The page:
Which brings a certain Mr. John Candy into the proceedings. He plays Irving ‘Irv’ Blitzer, a multiple gold medal winner and disgraced US bobsled coach that’s retreated to the Caribbean to escape his ignominious past. An old friend of Derice’s dad, both him and Sanka hammer him into submission, pleading for him to return to his old life and coach them. That just leaves a recruitment drive for the final two members and the turnout is initially high, that is until the dangers of the sport are highlighted in a film reel, leaving the room deserted. A funny moment that needs to be seen to be appreciated. 

There’s just two men left standing when the dust settles and they share a painful connection with Derice. Junior (Rawle D. Lewis) and Yul Brenner (Malik Yoba), both elite level sprinters in their own right, where involved in the same Olympic trial, with the formers trip ending the dream for all three.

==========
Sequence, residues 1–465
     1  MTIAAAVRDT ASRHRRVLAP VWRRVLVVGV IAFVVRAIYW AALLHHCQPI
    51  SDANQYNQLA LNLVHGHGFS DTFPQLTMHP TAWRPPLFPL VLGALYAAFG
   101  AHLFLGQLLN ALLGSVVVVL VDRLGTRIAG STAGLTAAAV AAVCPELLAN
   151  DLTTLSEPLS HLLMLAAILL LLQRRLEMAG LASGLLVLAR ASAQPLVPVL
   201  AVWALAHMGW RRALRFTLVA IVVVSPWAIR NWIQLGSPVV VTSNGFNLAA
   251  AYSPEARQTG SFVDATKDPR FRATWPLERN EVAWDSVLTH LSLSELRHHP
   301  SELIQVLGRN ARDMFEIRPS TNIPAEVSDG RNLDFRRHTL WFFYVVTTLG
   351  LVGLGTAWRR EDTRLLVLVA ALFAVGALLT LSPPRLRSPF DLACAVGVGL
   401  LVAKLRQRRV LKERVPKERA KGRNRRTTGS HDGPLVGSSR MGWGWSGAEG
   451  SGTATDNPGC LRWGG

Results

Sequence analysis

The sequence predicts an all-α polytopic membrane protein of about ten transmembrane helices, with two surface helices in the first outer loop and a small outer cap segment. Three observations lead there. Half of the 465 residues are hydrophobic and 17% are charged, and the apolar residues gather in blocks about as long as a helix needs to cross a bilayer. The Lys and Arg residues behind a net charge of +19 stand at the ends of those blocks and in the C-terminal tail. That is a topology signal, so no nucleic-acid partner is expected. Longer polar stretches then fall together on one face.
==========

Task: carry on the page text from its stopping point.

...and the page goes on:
Now, if that doesn’t give the premise behind the entire story away then nothing will really. The films primary message, outside the multiple redemption arcs, is all about using the disappointments in life to fuel your determination to succeed and improve. They all come together, bonding through the journey, despite their initial differences, bickering and infighting to appear at the 1988 winter games. There’s many an obstacle put in their way, from a ramshackle sled, racial intolerance to a corrupt governing body doing its best to ban the interlopers for having the audacity to besmirch their sport.